And yes the author did fat-shame just then. I also suggest the author reviews the classic definition of ‘feminine’. I have a sneaking feeling that the author has twisted the definition to suit her own ends. I don’t think classically the meaning of ‘feminine’ has ever been used to describe, “… sculpted shoulders, strong biceps, sleek abs, and our rocking curves.”
Erm… no I don’t and my hair’s too short for a ponytail. I used to be 17 stone; my stomach area looks like a crash zone. Because I don’t have perfect abs and am not svelte I don’t feel comfortable running around in just a bra. I think we covered this in the fat-shaming.
Hang-on does that make me less of a Spartan or just more aware of that I live in a society that judges my value as a woman/person on my appearance, so I try to play to my strengths – my belly is not one of them?
Err No. But my sarcasm is pretty infectious.
Is this politely shunning chivalry and yet ego-massaging the male psyche simultaneously? Because if it is for that (and only that) I’m quite impressed. No sarcasm intended.
“Bruises are proof that we work hard to conquer challenges that many assume we cannot handle on our own.”
They’re also a sign of clumsiness, cancer and abuse. And having run a number of these events a sign you may need to invest in some padding (knees) before you do any permanent damage. Also, who are these ‘many’? And are you running up to these people and showing them the ’proof’? If you are so strong and such a force to be reckoned with, why do you care?
Oh hang on… is this really about altering people’s perception of you?
And this is the rub… this gives way to the classic feminist argument – do all women have a collective identity? (I’ll give you a clue, the answer’s no)
So to the next question, do all Spartan women have a collective identity?
Do you still need a clue?
According to whom do Spartan female participants prefer experience over material possession – I’m calling this out. I want to see data. On what information is this article based? Qualitative and quantitative data?
And… if you read the rest of the info the insults keep coming:
“If you are single and looking for someone who loves fresh air and who doesn’t require constant pampering, a Spartan woman is the perfect girl for you! “
In other words; “women at these events are in a very physically demanding Miss Sports World beauty pageant. Single men! Come on down and pick up your low maintenance piece of meat – she costs very little, demands even less, Christmas and birthdays are cheap but you will need to bathe her before showing her off. But don’t worry! Under the broken nails, mud and messy ponytail is a splendidly toned figure!’
When I read this comment it comforts me to think of Katie Nolan.
Mums, there’s no in-between the lines here. She has laid this out on Front Street; as a woman, who is a mother, if you do not complete a Spartan Race you are a bad mum. Your child will grow up to be forever uncool and a complete failure with no sense of drive. It will be your fault and it will hate you for all eternity. For a mere £££s you can change this. Then you can sign up your child for the Kids Spartan race too (for extra £££s).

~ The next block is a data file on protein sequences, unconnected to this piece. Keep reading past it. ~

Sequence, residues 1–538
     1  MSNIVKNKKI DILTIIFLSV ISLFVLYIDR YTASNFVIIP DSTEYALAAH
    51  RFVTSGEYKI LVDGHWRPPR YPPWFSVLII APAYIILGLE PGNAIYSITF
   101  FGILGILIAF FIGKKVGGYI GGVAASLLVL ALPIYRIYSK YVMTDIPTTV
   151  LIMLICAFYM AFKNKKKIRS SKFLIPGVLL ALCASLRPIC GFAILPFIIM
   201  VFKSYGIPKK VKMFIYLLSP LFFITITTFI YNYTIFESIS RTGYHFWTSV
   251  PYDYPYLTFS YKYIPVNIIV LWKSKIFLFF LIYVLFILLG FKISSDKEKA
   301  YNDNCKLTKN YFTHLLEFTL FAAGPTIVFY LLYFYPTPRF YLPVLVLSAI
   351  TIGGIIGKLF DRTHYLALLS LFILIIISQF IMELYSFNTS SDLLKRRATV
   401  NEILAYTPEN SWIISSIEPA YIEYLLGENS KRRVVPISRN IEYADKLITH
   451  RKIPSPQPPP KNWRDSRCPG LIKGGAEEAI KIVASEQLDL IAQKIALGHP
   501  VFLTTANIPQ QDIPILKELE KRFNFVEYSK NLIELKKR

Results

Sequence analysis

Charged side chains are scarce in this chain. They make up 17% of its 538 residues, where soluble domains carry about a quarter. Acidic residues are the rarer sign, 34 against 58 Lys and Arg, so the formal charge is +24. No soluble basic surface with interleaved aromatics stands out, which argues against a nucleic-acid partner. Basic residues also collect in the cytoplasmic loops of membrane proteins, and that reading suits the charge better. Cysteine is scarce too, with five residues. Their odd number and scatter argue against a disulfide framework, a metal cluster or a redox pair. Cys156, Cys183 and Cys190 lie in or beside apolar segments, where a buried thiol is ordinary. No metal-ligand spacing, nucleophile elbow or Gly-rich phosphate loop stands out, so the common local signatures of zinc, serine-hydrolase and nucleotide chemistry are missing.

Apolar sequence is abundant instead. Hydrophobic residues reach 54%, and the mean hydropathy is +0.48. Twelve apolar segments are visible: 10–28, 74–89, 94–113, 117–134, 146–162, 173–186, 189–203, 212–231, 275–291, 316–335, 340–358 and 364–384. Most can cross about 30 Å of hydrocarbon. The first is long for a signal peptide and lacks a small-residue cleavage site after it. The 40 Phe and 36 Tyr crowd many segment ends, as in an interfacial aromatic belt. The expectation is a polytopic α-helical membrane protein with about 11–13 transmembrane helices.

If you do not run a Spartan Race you are pathetic. Fact. Need the author say more? NO. Please stop. You’ve done enough.
At the end of the day this article is nothing more than an ad to get women enrolled on the race. It’s attempting to sell the experience as a means to bag a bloke. And it’s doing so via two methods: the defeminising of women to take on a masculine idea of the female athlete and using an ironic ploy to sexualise the independent woman who doesn’t need a man to find her sexy – the ‘I don’t care if you think I’m sexy – but just so I know, you find this sexy, right?! ‘ POV. It’s farcical.
Personally I think discouraging sexist catcalling at the event, engaging a campaign partner like This Girl Can for advice on reaching out on female engagement and the inclusion of more toilets during the race would do far more than playing upon women’s physical and social insecurities.
When you run past another female participant talking to her friend about needing the loo you automatically sneer – just pee behind a tree, pull yourself together?! When I realised it was because she needed to change her tampon and she has no privacy to do so I was awash with guilt. It was horrible to watch and there was nothing I could do to help her. There were two toilets on the race, one at the start and one at mile eight/nine. She was at mile six. It was the same at the Brighton Half Marathon. Currently sports events are far too fixated on praying on insecurities and not enough on giving women what they need to compete.